There must be a financial component. Sure, Apple announced $25 billion in cash reserves and no debt at the end of Q4 in October, but it's very expensive to attend these events, even for Apple. Consider the extent of Apple's presence at Macworld Expo, between machines, people, displays, etc. Even software giant Adobe has dropped out.
Of course, it goes beyond the cost of the show. Nearly every year, Apple's stock dips after the keynote presentation when rumored products or services aren't introduced. It's a silly, unfortunate and routine drop... which brings me to point number two.
The rumors themselves. The current iPod nano model was all but revealed prematurely when photos of a case produced by a 3rd party manufacturer appeared online. When Steve Jobs mentioned it at the official press event a few days later, some attendees laughed. Steve responded by saying, "It's not funny" in a stern tone of voice. He was clearly pissed.
That wasn't the first time Apple had been scooped by the media. In 2002, the Canadian edition of Time Magazine leaked a cover photo of Steve and Jon Ive with the G4 iMac just prior to its introduction at Macworld Expo. You'll also remember that Apple aggressively pursued rumor site Thinksecret last year, and it's currently offline. Not only do rumors hurt the company financially, they take some of the excitement out of product updates, and in turn, the media's enthusiasm. When the media basically knows what's coming, their interest wanes just enough. Apple wants more control.
Control over product schedules outside the constraints of Expo keynotes. Once Apple steps away from the tick-tock of January showcases, it will be able to stage a press event and introduce a product or service when it's actually ready, not when a certain calendar date arrives.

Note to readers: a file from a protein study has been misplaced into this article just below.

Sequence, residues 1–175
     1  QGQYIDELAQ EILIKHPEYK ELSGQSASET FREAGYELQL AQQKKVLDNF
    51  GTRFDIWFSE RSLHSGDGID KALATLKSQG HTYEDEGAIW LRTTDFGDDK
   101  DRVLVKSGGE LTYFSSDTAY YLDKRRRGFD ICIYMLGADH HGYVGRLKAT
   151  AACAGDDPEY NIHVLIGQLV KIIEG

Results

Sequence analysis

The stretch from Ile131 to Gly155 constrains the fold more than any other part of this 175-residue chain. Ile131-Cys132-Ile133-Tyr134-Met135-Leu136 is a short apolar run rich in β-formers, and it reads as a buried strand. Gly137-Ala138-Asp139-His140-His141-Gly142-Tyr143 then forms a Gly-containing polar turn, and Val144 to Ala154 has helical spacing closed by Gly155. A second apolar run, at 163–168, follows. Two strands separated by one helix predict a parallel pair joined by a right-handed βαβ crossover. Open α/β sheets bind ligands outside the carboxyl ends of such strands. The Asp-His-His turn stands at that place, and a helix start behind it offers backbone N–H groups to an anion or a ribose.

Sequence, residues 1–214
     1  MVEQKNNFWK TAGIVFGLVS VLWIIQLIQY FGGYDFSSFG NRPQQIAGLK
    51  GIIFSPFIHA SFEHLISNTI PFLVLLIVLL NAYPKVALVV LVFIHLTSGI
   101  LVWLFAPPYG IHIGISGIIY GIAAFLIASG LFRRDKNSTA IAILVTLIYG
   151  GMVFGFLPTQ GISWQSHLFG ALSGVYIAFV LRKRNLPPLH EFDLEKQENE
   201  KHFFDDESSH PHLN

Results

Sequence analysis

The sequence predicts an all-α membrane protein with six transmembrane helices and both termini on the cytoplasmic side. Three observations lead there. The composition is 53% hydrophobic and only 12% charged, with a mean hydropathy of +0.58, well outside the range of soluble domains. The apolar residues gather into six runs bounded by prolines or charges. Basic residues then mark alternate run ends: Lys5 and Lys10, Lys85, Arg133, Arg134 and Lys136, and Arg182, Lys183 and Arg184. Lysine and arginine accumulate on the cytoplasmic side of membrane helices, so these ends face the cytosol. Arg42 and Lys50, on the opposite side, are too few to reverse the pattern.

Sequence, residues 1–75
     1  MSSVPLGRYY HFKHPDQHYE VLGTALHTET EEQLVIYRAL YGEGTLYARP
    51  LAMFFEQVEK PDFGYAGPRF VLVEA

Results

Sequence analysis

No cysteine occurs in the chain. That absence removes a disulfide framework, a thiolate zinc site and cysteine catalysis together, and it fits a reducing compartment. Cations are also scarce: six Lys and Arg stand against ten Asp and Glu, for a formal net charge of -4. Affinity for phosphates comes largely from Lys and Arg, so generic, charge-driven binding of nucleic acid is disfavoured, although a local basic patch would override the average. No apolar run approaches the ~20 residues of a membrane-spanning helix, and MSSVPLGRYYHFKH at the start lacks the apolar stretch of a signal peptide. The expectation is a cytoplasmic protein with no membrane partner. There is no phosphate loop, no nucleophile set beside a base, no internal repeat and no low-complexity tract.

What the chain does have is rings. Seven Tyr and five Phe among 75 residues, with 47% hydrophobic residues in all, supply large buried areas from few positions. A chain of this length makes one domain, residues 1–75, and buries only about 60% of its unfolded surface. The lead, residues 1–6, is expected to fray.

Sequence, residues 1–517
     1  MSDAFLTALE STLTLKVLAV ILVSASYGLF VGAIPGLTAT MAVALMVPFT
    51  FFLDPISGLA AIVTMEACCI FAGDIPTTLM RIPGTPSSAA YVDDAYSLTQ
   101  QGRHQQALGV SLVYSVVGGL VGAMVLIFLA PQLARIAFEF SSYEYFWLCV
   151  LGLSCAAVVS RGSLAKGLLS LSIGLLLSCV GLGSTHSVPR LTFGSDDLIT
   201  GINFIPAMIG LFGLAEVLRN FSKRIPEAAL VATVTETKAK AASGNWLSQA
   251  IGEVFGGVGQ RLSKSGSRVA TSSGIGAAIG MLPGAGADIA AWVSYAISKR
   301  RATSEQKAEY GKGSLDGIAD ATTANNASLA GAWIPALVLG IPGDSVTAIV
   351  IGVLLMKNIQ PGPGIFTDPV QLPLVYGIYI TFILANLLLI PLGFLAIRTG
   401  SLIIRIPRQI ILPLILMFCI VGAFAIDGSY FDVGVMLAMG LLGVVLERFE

Finally, I've always found the timing to be odd. The first week of January is right after all the major winter holidays. People are tapped out financially and enjoying the loot they picked up the in weeks before from family and friends. Asking them to spend another grand on a computer just then isn't ideal. Alternatively, Apple has consistently released iPod updates in September, just as kids are going back to school.
The inevitable question is one of Steve's health, but I think John Gruber got this one right. If Steve was ill, they'd send in a proxy like Phil but keep the rest of the game intact. The fact that they've abandoned the whole thing says to me that it's a political and financial move more than anything else.
Time Magazine asks the health question right away in their reaction article, quoting an Apple spokesperson as saying, "Phil is giving the keynote because this is Apple's last year in the show, and it doesn't make sense for us to make a major investment in a trade show we will no longer be attending." Even if Steve is as healthy as a horse but still looks thin, his appearance could have an affect on the company's stock. I don't think I've ever seen a company whose financial well being is so closely tied to the health of its CEO.
For now, at least, IDG plans to put on Macworld Expo 2010, with or without Apple. I say more power to them, but as a person who attended two Macworld Expos in Boston without Apple, my faith is waning.
It is a bit sad that Steve won't wrap up the final Macworld Expo; we can hope that he'll make a special appearance as Phil Schiller's One More Thing.